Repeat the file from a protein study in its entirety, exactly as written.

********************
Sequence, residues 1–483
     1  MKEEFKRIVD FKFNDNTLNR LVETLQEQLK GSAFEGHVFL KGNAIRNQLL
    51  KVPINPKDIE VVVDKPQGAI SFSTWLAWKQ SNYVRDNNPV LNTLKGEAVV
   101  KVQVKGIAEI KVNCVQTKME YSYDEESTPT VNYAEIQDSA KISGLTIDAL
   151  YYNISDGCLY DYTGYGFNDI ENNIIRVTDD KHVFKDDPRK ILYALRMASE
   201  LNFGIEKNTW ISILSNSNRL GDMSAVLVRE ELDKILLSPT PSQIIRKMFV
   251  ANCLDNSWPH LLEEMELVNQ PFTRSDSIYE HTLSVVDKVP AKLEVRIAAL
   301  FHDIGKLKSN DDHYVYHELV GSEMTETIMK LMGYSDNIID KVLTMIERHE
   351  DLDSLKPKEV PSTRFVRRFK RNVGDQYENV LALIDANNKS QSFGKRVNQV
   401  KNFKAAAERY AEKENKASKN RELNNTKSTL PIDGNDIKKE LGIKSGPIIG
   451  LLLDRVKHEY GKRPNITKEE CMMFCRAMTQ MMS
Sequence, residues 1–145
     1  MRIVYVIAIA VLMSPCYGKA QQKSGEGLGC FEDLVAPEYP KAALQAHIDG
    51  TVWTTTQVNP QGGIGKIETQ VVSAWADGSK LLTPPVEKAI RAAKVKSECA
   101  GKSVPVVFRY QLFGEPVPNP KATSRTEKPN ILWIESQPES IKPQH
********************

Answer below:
Sequence, residues 1–483
     1  MKEEFKRIVD FKFNDNTLNR LVETLQEQLK GSAFEGHVFL KGNAIRNQLL
    51  KVPINPKDIE VVVDKPQGAI SFSTWLAWKQ SNYVRDNNPV LNTLKGEAVV
   101  KVQVKGIAEI KVNCVQTKME YSYDEESTPT VNYAEIQDSA KISGLTIDAL
   151  YYNISDGCLY DYTGYGFNDI ENNIIRVTDD KHVFKDDPRK ILYALRMASE
   201  LNFGIEKNTW ISILSNSNRL GDMSAVLVRE ELDKILLSPT PSQIIRKMFV
   251  ANCLDNSWPH LLEEMELVNQ PFTRSDSIYE HTLSVVDKVP AKLEVRIAAL
   301  FHDIGKLKSN DDHYVYHELV GSEMTETIMK LMGYSDNIID KVLTMIERHE
   351  DLDSLKPKEV PSTRFVRRFK RNVGDQYENV LALIDANNKS QSFGKRVNQV
   401  KNFKAAAERY AEKENKASKN RELNNTKSTL PIDGNDIKKE LGIKSGPIIG
   451  LLLDRVKHEY GKRPNITKEE CMMFCRAMTQ MMS
Sequence, residues 1–145
     1  MRIVYVIAIA VLMSPCYGKA QQKSGEGLGC FEDLVAPEYP KAALQAHIDG
    51  TVWTTTQVNP QGGIGKIETQ VVSAWADGSK LLTPPVEKAI RAAKVKSECA
   101  GKSVPVVFRY QLFGEPVPNP KATSRTEKPN ILWIESQPES IKPQH